Early voting shows no indication of which party will be victorious



(The Center Square) — Campaign season for Virginia’s 2024 General Assembly has effectively come to a close; today’s results remain a mystery until votes are counted – but here’s where things stand now.

Over 550,000 Virginia residents cast their ballots in person during early voting, the most popular early-voting method.

More than 226,000 submitted their votes by mail, and about 142,000 have submitted mail-in applications. Those ballots must be postmarked on or before election day or returned at a polling location on election day.

Historically, Democrats have dominated early voting, but Gov. Glenn Youngkin and Republican candidates have encouraged Virginia voters to vote early this year. Early voter turnout was highest in Republican-leaning or strongly Republican districts, but the public won’t know until votes have been counted whether that was reflective of new party converts or swing voters, or if it was roughly the same voters just voting earlier – or how early-voting Democrats figured into those numbers.

The Virginia Public Access Project, a nonprofit organization that tracks election results, including early voting tallies, shows how many votes have come in by district. For the House of Delegates, nine districts with the most early votes either lean Republican or are strongly Republican; six of the seven most competitive districts were in the top 20 for early voting; and five lean or are strongly Democratic.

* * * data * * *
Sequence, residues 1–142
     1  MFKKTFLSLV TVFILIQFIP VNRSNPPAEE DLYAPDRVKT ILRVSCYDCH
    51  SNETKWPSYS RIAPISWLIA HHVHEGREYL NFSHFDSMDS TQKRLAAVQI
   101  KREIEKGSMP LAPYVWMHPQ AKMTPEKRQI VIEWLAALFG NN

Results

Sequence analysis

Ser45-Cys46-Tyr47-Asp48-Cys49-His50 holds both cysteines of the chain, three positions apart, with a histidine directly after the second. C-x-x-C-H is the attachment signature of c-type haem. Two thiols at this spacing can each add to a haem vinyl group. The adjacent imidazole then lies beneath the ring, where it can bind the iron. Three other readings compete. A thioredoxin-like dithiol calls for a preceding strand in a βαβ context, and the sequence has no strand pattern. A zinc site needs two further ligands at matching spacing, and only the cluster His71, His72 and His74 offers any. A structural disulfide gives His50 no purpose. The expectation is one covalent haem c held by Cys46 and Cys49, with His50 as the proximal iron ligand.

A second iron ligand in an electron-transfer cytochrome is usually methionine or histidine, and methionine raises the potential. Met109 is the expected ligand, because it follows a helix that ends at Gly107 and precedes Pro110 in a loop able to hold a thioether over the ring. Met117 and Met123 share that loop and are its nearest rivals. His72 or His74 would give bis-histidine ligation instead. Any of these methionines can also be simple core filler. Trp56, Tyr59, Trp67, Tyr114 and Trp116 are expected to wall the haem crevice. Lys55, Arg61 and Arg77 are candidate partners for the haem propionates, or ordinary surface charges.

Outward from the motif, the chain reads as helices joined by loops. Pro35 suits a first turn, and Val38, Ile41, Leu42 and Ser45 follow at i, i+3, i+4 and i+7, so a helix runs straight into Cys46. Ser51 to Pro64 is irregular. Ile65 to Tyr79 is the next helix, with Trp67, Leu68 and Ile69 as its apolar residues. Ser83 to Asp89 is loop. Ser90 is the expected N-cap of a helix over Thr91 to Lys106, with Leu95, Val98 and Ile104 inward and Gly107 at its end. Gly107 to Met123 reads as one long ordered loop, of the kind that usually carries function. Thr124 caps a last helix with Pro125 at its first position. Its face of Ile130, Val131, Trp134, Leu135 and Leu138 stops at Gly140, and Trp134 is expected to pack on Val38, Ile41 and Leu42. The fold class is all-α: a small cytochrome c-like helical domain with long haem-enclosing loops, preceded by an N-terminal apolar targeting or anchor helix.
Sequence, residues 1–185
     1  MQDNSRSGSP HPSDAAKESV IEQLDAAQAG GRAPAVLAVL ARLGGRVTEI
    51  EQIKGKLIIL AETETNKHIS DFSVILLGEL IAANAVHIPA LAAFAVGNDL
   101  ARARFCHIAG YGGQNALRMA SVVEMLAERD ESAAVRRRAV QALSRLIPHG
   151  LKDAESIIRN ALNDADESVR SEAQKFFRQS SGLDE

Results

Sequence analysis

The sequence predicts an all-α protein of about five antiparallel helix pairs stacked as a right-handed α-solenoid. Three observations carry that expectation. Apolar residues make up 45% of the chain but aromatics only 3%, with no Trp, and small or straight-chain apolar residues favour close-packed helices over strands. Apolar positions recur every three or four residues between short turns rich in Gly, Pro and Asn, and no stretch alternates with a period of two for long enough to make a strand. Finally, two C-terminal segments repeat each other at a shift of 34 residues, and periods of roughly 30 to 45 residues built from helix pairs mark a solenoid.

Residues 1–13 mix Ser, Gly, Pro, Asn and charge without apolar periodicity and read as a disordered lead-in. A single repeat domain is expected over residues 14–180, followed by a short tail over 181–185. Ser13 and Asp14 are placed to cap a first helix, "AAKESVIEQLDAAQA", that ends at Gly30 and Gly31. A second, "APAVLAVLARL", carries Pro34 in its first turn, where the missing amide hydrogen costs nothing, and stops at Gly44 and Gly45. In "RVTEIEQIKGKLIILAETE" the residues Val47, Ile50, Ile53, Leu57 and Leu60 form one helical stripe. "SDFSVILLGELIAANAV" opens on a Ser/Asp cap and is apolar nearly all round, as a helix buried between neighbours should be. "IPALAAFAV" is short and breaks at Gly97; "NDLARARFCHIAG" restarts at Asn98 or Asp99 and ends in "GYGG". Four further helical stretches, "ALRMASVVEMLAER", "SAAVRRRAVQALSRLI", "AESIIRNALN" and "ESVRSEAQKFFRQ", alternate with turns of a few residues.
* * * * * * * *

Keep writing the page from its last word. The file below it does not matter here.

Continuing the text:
For the Senate, a strong Republican district where incumbent Ryan McDougle is running for reelection, District 26, saw the largest early voter turnout at 32,225 ballots cast. That’s more than twice the amount in House District 71, which gathered almost 16,000 votes and where Democrat Jessica Anderson is running against incumbent Amanda Batten.

Following closely behind with 31,328 early votes cast was District 31, slated to be one of the most competitive Senate races this election. Republican Juan Pablo Segura faces off against Democrat Russet Perry.

Of the most competitive House races, Democrat Travis Nemhard received the largest single last-minute campaign contribution of $125,000 from the House Democratic Caucus. Nemhard is running against Republican Ian Lovejoy in District 22. Republican Lee Peters received a $100,000 last-minute contribution from the Spirit of Virginia, Youngkin’s political action committee. However, Republican John Stirrup of District 21 received close to $300,000 in contributions of $20,000 and up, and Republican Kim Taylor received nearly $220,000.

The Virginia Senate Democratic Caucus’ donation to Del. Danica Roem’s campaign in Northern Virginia’s District 30 topped the charts of Senate last-minute contributions at $400,000 on Oct. 27 – until the Spirit of Virginia surpassed that days later by donating half a million dollars to Roem’s challenger, Republican Bill Woolf. Democrat Clint Jenkins also received a last-minute donation of $384,000 from the Virginia Senate Democratic Caucus to opponent Republican Emily Brewer’s $195,000 from the Spirit of Virginia.



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